Book Review: A powerful collection about a never-before-seen side of Marrakech

A powerful collection about a never-before-seen side of Marrakech. (Shutterstock)
Updated 24 October 2018
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Book Review: A powerful collection about a never-before-seen side of Marrakech

CHICAGO: This year’s noir anthology from Akashic Books takes us to Marrakech, Morocco, the first North African city to share its dark tales translated from Arabic, French and Dutch into English for the award-winning series. Each story focuses on a specific neighborhood, with its mysteries and allures, as “Marrakech Noir” and its 15 contributing authors delve into the city, its religious and cultural hues, its tourist attractions, its story-telling haven at Jemaa el-Fnaa, and its shadowy, less attractive corners.

Edited by Yassin Adnan, this powerful collection of diverse and unique tales dives into a Marrakech mostly unknown by outsiders. The stories paint an in-depth portrait of a city and traverse the spectrum of emotions, from joyful to sadistic. Known as “The Red City” and “The Joyful City” since the time of the Almoravid leader Yusuf bin Tashfin, Adnan says in his introduction that Marrakech does not necessarily associate with noir: “Marrakechis can invent colorful stories to avoid the darkness of reality.”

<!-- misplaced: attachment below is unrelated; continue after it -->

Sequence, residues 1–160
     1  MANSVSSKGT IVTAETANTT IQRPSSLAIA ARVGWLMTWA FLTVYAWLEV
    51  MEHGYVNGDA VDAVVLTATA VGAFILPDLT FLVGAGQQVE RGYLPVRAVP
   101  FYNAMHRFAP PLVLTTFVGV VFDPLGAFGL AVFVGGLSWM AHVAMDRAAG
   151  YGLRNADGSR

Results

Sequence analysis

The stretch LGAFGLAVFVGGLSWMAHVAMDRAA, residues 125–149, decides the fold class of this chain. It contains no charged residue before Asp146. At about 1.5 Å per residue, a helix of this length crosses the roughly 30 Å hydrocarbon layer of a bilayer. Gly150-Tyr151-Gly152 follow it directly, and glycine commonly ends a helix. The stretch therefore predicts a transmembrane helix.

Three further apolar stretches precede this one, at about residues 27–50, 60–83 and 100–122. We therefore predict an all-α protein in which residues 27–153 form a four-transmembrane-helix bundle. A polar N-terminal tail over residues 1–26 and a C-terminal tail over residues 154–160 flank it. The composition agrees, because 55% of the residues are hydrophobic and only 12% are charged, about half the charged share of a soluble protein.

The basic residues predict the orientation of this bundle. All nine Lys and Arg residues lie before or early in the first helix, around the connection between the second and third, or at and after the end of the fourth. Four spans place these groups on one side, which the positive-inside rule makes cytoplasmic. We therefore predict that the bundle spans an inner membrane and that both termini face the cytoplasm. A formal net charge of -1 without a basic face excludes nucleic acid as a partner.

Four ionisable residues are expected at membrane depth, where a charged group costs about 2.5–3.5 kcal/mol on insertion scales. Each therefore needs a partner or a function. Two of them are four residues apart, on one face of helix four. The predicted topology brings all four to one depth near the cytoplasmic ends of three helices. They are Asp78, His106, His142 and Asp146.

In this collection, however, the contributors took on the challenge to take readers on a journey through old and invented crimes committed in the ancient city and modern neighborhoods.

The book begins with an innovative tale called “The Mysterious Painting” by Fouad Laroui. It takes place in Bab Doukkala and follows a police chief who has recently moved to Marrakech from Safi. Following the same routine daily, he sits in the restaurant he frequents every day for lunch and notices a painting hanging in front of him. This painting takes him and readers on a journey through Marrakech, its people, and history.

As the book moves forward, the stories take us to Derb Sidi Bouloukat and Marrakech’s love for cinema, into the future when oil is extracted from Mars, to discrimination against immigrants, to a potter whose sculptures take hold of their owners.

The stories lead readers through a never-seen-before Marrakech, brimming with nostalgia and the sense of attachment each of the authors have to the city and its history.

 


What We Are Reading Today: The Fate of Rome

Updated 23 March 2019
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What We Are Reading Today: The Fate of Rome

Author: Kyle Harper

Here is the monumental retelling of one of the most consequential chapters of human history: The fall of the Roman Empire. The Fate of Rome is the first book to examine the catastrophic role that climate change and infectious diseases played in the collapse of Rome’s power — a story of nature’s triumph over human ambition.
Interweaving a grand historical narrative with cutting-edge climate science and genetic discoveries, Kyle Harper traces how the fate of Rome was decided not just by emperors, soldiers, and barbarians but also by volcanic eruptions, solar cycles, climate instability, and devastating viruses and bacteria.
He takes readers from Rome’s pinnacle in the second century, when the empire seemed an invincible superpower, to its unraveling by the 7th century, when Rome was politically fragmented and materially depleted, says a review on the Princeton University Press website. Harper describes how the Romans were resilient in the face of enormous environmental stress, until the besieged empire could no longer withstand the combined challenges of a “little ice age” and recurrent outbreaks of bubonic plague.